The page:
After traversing tree-lined trails or hiking through wooded wilderlands, few outdoor enthusiasts stop to ask themselves, “how many mosses did I see today?”
Unless, that is, you’re Jennifer Doubt. A curator of botany at the Canadian Museum of Nature in Ottawa, Doubt is one of four biologists, researchers and lovers of all things related to the green and fuzzy plants, who traveled North earlier this month for a fieldwork expedition in the territory.
On July 3, Doubt, along with fellow museum technician Cassandra Robillard, University of Alberta instructor Rene Belland and Marion Barbe of the Forest Research Institute, set out along the territory’s waterfall route – a hotbed of biodiversity – in search of every species of moss they could find and collect.
“There’s not much known about the mosses (in the NWT) – there’s a lot to know …,” said Doubt in an interview with News/North.
The group’s desire to learn more about the mosses that call the territory home was shared by the territorial government’s Environment and Natural Resources (ENR). The department backed the collective’s bid to document moss diversity in southern NWT by sending a summer student to assist the Northern newcomers.
“ENR is really interested in what natural resources there are in the territory,” said Doubt.
“Part of the reason we’re doing this work is get a better understanding of which species are rare and which are common. It’s a chance to refine information,” she added.
For those wondering what all the fuss on forest fuzz is about, Cassandra Robillard said the rootless plants aren’t just tiny, they’re “underrated” – and important.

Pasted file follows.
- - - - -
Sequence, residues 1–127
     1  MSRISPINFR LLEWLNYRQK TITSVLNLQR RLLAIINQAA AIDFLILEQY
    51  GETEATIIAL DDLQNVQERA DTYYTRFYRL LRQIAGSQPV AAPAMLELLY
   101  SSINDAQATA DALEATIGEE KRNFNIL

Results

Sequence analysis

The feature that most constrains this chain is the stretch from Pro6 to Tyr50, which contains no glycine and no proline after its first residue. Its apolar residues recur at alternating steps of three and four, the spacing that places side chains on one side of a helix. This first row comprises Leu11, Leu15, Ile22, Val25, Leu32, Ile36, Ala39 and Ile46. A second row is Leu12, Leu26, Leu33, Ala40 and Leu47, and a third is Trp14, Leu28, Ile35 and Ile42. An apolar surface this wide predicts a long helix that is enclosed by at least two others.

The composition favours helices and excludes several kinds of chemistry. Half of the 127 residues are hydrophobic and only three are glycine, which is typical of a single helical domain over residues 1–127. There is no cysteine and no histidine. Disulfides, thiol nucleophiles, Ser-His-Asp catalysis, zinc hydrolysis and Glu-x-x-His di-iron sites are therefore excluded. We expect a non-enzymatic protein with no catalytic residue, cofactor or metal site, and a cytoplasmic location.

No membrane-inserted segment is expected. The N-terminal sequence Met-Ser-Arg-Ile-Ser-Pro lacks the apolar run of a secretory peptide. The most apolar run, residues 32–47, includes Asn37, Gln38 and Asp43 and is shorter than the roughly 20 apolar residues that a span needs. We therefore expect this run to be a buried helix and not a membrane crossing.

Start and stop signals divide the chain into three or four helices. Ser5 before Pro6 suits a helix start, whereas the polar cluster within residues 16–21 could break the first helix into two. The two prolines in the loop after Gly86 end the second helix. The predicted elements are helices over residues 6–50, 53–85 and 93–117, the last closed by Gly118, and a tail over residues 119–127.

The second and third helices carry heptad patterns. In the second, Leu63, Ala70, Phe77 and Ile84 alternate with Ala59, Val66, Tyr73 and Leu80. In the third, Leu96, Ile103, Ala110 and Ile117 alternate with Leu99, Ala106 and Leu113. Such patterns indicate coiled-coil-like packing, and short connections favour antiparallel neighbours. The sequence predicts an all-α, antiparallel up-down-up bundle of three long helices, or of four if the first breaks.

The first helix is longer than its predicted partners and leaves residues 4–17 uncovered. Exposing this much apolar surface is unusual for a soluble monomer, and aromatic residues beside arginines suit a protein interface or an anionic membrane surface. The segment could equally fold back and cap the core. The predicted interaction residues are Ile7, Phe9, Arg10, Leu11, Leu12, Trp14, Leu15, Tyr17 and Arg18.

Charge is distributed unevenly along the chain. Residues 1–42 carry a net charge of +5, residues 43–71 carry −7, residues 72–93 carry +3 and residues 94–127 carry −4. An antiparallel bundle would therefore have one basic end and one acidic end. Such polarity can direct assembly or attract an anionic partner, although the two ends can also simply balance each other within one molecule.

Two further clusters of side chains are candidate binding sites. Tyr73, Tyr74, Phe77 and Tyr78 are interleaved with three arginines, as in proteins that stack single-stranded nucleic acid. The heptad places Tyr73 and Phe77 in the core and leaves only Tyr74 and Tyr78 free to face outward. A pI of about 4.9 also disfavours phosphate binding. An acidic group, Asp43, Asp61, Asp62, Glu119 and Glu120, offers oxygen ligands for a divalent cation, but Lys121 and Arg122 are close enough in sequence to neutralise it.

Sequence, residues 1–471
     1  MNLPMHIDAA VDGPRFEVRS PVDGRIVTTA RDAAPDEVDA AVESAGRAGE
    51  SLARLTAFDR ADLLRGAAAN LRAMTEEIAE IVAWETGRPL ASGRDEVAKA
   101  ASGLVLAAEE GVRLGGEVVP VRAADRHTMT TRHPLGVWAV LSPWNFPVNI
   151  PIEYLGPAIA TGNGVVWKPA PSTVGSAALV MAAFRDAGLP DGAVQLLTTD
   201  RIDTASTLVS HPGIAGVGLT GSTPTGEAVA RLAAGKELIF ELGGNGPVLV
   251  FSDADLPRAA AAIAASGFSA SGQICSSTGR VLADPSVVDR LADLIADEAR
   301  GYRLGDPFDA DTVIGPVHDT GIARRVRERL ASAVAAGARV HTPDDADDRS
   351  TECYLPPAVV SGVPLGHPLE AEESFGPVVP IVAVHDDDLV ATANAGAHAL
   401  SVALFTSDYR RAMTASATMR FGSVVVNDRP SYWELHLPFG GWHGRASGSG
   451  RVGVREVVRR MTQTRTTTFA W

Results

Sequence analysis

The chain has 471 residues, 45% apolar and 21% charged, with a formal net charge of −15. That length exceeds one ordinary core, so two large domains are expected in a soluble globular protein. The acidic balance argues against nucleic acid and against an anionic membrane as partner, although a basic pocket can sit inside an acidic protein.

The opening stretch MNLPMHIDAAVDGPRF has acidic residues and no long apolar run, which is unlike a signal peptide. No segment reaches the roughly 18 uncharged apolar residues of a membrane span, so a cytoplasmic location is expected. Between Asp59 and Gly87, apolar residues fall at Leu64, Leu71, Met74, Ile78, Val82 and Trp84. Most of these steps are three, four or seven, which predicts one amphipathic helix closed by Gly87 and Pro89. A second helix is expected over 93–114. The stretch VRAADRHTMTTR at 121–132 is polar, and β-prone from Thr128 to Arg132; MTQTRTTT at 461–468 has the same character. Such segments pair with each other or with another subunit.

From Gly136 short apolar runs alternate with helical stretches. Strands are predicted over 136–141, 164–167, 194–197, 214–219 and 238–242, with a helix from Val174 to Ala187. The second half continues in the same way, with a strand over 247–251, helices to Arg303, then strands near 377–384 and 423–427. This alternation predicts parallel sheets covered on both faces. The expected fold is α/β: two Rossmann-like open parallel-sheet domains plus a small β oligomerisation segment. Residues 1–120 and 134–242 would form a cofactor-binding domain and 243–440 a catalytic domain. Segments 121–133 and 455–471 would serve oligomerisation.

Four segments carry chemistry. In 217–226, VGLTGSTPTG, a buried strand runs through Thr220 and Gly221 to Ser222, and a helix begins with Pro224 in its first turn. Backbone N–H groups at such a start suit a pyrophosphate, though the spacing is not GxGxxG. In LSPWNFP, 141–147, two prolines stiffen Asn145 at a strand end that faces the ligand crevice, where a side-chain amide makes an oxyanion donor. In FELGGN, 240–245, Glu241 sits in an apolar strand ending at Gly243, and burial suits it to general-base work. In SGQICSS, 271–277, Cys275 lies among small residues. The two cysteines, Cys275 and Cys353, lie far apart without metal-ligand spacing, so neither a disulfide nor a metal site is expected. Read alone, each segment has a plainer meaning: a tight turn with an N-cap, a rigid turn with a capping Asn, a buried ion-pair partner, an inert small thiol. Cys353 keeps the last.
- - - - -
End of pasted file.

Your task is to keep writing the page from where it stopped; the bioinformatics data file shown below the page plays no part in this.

Bite-size bryophytes – the scientific grouping of mosses and liverworts – play a big role in the ecosystems they belong to.
The porous plants, which can seek out sunny spots or hunker down in humid crevices, act as sponges, soaking up large amounts of water and rainfall. Their knack of holding water, Robillard said, can safeguard against flooding and harmful erosion..
Mosses feed forest-dwellers and provide nest materials for birds and according to Doubt, their supporting role is especially integral in the North.
“The farther North you go the less able those flowers and ferns and trees are able to deal with the cold and dry climate. So, mosses and lichens become more and more important in the ecosystems they’re in,” said Doubt.
To learn more about the mosses they encountered – many times by sticking their heads in nature’s dimly-lit nooks and crannies – the group collected samples and lots of them.
“I would guess 500 samples (were taken), but that represents maybe 150 different kinds,” said bryophyte expert and conservationist Rene Belland.
Belland said the team encountered a surprisingly large amount of Seligeria, a species of moss.
“I’ve seen Seligeria right across the country and I’ve never seen it as abundant as in some of the crevices we looked at,” said Belland.
“It’s the Seligeria capital of Canada,” added Doubt with a laugh.
But its presence might not always remain so bountiful.
“All of the Seligeria, as far as the data suggests so far, show that the species are either sensitive or may be at risk,” said Doubt.
In taking stock of the territory’s mosses, Doubt said the trip was also meant to “focus on mosses that are at risk.”
With hundreds of samples now gathered, Belland said the “vouchers” will go back south with their respective collectors, destined for testing. After being identified, analyzed and archived, sample results will be relayed to ENR.
For Doubt, the excursion was an opportunity to map one of mother nature’s most “misunderstood” and overlooked members.
“They’re small compared to us and so we develop this misconception that they have a small or insignificant role, but there’s an awful lot of it when you start to look around – and very important,” said Doubt.
The passionate mob of moss enthusiasts told News/North they hope to make another trip to the North in the future.